Throughout the evenings of January until the middle of April, the king of the planets in our solar system, Jupiter, will reign over the night skies. Looking overhead and slightly to the south and east in the early evening, the brightest white “star” in sky will be the largest of our planets.
Using a pair of binoculars, looking at Jupiter will easily reveal the
four enormous moons orbiting the planet. Observing these night after night, or even over a few hours, the moons will be seen to change position, sometimes disappearing behind the shadow of the planet, or emerging from behind the limb.
Through a telescope, in addition to the moons, the cloud tops of the planet can be seen in bands completely circling the disk. With larger telescopes within the cloud bands we can see more detail – swirls of storms, including the enormous storm known for the past couple centuries as the “Great Red Spot”. As the four large moons move in front of the planet, we can see their shadows as small black dots move over the cloud tops. After the Earth’s moon, Jupiter is most easily observed and endlessly fascinating object to observe in the night sky.
We have all learned that Jupiter is our largest planet, but how large is large? With an average diameter of 87,000 miles, 11 Earths could be lined up side by side and not quite match the size of this gargantuan body. Its volume
is over 1300 times that of Earth’s. Although only about 1/1000th the mass of the Sun, Jupiter alone contains two and a half more mass than all of the other planets in our solar system combined. The mass of Jupiter is so large, that even at a distance of hundreds of millions of miles, the gravity of Jupiter slightly affects the orbits of Earth and the outer planets, as well as more strongly influencing the orbits of many comets and asteroids.
Jupiter is believed to consist of mostly hydrogen and helium, compressed under massive gravitational pressure to a liquid state. At the very center of the planet there may be a relatively small rocky core. The intense gravitational force causes the temperature to rise from the outer regions of the atmosphere toward the center.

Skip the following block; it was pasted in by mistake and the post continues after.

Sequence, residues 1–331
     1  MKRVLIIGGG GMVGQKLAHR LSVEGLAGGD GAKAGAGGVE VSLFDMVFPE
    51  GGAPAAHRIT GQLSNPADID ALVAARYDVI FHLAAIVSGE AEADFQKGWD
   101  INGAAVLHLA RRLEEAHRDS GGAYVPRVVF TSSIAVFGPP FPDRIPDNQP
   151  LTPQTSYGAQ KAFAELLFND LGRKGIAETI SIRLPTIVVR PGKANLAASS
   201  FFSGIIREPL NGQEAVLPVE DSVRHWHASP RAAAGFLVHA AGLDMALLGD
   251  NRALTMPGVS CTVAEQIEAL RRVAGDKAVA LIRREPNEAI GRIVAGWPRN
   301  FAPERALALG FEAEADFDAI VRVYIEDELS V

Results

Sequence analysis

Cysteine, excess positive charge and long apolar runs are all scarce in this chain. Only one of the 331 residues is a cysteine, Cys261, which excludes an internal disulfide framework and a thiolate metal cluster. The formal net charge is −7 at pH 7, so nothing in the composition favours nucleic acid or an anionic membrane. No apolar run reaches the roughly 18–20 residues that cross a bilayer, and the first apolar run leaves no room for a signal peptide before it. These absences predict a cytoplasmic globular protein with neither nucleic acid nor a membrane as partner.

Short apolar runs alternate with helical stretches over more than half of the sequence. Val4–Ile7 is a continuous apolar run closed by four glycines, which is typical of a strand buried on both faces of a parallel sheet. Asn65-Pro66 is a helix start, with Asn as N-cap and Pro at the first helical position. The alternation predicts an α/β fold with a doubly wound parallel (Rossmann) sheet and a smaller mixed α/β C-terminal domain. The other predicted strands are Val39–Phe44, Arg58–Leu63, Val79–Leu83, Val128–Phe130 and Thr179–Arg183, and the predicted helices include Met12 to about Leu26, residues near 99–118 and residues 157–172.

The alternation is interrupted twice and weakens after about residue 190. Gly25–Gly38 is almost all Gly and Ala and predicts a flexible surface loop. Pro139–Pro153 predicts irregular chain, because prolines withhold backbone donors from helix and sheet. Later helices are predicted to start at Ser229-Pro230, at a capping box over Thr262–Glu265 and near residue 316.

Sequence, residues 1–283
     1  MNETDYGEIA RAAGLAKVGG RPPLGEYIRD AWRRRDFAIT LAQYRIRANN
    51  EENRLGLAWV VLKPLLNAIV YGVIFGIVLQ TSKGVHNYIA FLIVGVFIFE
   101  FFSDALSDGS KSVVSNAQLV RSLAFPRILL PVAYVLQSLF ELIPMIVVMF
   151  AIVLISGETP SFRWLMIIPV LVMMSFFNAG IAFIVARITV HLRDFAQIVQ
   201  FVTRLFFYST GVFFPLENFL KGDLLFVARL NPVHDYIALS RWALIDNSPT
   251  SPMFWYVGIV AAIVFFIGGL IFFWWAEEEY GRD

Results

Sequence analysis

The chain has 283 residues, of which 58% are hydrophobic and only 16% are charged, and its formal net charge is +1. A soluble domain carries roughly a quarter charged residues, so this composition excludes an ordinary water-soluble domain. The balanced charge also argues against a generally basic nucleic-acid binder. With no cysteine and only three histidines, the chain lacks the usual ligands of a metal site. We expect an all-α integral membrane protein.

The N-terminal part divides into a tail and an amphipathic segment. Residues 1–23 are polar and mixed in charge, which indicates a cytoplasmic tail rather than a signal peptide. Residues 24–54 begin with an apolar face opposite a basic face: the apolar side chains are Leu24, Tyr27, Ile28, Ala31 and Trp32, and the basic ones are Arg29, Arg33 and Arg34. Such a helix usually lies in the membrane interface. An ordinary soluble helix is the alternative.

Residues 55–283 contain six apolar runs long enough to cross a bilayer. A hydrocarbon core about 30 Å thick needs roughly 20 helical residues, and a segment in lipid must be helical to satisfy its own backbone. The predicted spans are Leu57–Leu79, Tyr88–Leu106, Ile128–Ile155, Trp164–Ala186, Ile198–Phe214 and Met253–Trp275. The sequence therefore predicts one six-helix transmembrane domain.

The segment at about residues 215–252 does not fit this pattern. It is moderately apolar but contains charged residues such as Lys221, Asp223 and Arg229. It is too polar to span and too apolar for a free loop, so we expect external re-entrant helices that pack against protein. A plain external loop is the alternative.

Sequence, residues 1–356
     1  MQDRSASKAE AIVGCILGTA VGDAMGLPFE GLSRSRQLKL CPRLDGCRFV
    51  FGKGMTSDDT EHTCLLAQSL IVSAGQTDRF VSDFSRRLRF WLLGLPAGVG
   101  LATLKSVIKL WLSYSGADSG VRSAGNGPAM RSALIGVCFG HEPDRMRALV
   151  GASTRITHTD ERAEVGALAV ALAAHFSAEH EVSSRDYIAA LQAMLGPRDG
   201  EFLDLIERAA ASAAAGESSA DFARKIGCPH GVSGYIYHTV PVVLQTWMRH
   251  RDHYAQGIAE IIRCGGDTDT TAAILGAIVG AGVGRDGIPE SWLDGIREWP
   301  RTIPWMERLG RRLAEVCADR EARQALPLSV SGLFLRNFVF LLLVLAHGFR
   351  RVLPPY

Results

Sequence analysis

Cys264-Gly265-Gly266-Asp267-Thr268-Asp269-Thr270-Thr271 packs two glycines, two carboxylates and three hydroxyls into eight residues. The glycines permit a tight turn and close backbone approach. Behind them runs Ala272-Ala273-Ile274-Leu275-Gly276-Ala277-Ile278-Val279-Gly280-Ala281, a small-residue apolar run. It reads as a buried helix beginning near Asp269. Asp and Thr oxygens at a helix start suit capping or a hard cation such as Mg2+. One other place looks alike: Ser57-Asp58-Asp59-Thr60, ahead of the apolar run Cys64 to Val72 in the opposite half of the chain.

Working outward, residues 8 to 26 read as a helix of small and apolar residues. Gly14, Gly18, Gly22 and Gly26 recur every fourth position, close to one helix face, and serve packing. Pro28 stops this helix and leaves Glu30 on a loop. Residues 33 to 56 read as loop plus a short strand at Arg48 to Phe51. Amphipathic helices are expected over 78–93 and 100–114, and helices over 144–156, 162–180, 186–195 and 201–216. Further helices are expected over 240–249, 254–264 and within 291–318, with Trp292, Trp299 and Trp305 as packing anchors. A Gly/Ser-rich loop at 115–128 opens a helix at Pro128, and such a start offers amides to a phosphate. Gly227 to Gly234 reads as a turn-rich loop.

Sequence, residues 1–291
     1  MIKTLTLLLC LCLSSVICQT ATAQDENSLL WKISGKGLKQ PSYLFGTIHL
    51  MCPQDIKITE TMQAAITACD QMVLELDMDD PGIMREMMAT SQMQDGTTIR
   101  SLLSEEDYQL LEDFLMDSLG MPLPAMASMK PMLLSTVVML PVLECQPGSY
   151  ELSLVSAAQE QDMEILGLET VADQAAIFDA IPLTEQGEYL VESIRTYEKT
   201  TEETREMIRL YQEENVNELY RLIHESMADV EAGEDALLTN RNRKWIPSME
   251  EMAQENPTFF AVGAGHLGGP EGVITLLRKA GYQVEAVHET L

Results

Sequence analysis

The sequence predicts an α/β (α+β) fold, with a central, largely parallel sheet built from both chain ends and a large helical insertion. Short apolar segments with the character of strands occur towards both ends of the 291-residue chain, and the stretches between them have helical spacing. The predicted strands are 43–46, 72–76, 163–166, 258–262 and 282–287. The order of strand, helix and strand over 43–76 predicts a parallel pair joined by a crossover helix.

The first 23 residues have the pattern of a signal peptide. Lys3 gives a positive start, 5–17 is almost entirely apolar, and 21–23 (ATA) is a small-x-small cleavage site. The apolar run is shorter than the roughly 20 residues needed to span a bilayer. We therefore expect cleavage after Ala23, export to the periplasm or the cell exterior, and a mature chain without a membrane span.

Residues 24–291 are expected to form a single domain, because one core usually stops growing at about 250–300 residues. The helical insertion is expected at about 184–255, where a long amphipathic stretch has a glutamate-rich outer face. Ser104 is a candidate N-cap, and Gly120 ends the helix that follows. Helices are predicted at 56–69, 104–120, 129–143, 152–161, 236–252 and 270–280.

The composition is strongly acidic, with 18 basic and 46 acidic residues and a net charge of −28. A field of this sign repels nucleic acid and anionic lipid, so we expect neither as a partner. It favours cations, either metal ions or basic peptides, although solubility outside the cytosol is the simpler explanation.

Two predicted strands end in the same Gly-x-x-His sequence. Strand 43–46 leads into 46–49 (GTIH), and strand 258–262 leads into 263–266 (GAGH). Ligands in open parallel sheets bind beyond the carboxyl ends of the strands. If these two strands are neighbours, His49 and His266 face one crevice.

Similar in composition to the Sun, Jupiter can be viewed as a “failed star”, which would have reached a temperature high enough to support thermonuclear fusion had its mass been about 10 times greater.
It was Galileo (one of the superheroes of science, in my opinion) who first observed Jupiter with a telescope. Although his telescope was a mere 1” in diameter and of very poor optical quality, immediately Galileo noticed the presence of four “stars” that accompanied the planet night after night, and changed their positions near the planet constantly. Observing Jupiter over several months, he soon reached the realization that these were bodies in orbit about the planet, which he then used as a further justification of the revolutionary viewpoint reached by Copernicus that the Earth and other planets orbited the Sun.
These “Galilean moons” of Jupiter, as we now describe them, played another role in the early advancement of modern physics by allowing a measurement of the speed of light. The orbits of the Galilean moons were well known by the middle of the 17th century, after Galileo’s discovery in 1610. From the known orbits, the exact time of the start and end of each eclipse of each of the Galilean moons could be precisely determined. The innermost of these moons, Io, completes an orbit of Jupiter in about a day and 18 hours, so eclipses are rather commonly observable.